November 6th was a day of protest across the globe, as frustrated citizens took to the streets to protest against slow climate action at COP26. There were more than 300 rallies worldwide. According to The New York Times, tens of thousands showed up in Glasgow alone. The protestors called on global leaders to take drastic action on climate change. Swedish youth activist Greta Thunberg spoke at the Glasgow protests, calling COP26 a “failure” and dubbing it a “Global North greenwash festival,” according to CNN. Members of the Indigenous Climate Action group were also part of the protest, calling for an end to extractive industries.
The protests posed a stark contrast to the beginning of the week, where more than 130 presidents and prime ministers posed for a group photo. The median age of the group was over 60. In contrast, the Glasgow protests were dominated by younger generations. This highlights the growing divide between those with the power to make crucial decisions on climate change to the youth whose lives are going to be drastically impacted if those leaders are not able to keep global warming under 1.5 degrees celsius. While it is not uncommon for social movements to be led by youth, the generational divide in these protests is even more pointed. As Somini Sengupta of The New York Times said, “world leaders have been talking about the need to address climate change since before most of the protesters were born.”
According to the International Energy Agency, the new pledges made this week are enough to keep warming to 1.8 degrees celsius. This is down from the 2.5 to 2.7 degrees celsius the world was facing before COP26 negotiations began. One of the most significant pledges to come out of COP26 so far has been the Global Methane Pledge to cut methane emissions by 30 percent by 2030, compared to 2020 levels. The push was led by the United States and the European Union and has been signed by over 100 countries. However, according to The Energy Mix, despite being lauded as a major success, the pledge has attracted criticism from environmental groups for its lack of enforcement mechanisms. Greenpeace also criticized the pledge, saying “by not including meat reduction or pledges to change people’s diets in this commitment, governments are giving a free pass to big agriculture.”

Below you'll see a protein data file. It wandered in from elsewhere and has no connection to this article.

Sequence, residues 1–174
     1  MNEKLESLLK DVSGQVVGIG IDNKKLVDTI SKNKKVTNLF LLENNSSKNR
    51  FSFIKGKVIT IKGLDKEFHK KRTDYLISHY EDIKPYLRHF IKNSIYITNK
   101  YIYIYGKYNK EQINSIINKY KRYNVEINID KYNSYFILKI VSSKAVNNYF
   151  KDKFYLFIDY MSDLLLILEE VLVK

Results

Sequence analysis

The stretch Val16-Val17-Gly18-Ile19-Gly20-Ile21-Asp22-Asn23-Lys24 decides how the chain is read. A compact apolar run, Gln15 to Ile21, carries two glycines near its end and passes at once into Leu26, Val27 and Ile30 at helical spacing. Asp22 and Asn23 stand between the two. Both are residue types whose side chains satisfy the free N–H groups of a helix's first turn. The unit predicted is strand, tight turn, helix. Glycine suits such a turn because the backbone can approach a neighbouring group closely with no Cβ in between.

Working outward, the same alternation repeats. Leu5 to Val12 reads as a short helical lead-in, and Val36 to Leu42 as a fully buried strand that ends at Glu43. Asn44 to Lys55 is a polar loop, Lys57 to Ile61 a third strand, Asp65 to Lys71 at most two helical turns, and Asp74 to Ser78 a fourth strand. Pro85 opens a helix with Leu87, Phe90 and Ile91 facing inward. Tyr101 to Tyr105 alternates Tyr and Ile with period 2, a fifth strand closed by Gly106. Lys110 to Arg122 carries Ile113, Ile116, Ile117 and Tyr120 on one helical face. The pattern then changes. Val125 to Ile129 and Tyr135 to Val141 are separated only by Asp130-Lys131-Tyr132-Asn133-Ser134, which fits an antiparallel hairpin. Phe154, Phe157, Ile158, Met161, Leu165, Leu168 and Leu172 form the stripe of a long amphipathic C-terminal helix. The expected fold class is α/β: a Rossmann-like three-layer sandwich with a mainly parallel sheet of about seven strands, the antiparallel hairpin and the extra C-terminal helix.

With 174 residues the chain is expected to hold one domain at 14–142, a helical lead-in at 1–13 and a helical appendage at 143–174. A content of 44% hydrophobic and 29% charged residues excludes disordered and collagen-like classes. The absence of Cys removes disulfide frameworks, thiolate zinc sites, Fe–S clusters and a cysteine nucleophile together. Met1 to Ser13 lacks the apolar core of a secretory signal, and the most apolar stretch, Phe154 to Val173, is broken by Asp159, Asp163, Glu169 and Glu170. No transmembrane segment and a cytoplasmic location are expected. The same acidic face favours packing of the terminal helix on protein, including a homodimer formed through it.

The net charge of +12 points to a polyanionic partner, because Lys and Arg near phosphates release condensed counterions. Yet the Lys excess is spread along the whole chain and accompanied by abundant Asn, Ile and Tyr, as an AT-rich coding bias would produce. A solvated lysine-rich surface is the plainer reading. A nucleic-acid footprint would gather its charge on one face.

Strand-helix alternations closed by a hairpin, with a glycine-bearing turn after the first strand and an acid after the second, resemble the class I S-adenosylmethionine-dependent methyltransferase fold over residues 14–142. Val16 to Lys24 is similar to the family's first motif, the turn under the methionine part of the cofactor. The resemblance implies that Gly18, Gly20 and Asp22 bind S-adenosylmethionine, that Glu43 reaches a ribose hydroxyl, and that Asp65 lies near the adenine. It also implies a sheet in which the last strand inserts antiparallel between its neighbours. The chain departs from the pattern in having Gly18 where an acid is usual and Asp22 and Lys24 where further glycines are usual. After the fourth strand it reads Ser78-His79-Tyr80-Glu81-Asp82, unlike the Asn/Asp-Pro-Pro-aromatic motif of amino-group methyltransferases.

To keep warming under 1.5 degrees celsius the United Nations needed new pledges totaling 22 gigatonnes of greenhouse gas emissions cuts by 2030, according to Newsroom. So far pledges by the world leaders have been delivered on 9 gigatonnes. This leaves a further 13 gigatonnes to be pledged, hopefully in the coming week. The question that remains to be seen is whether these global protests help push our leaders to commit to the extra 13 gigatonnes, or whether another COP passes us by. Not a complete failure, but also not the success we so desperately need. One thing is for certain, our youth will be watching the next week closely.
- Youth Lead Global Protests Against Slow Climate Action At COP26 - November 10, 2021
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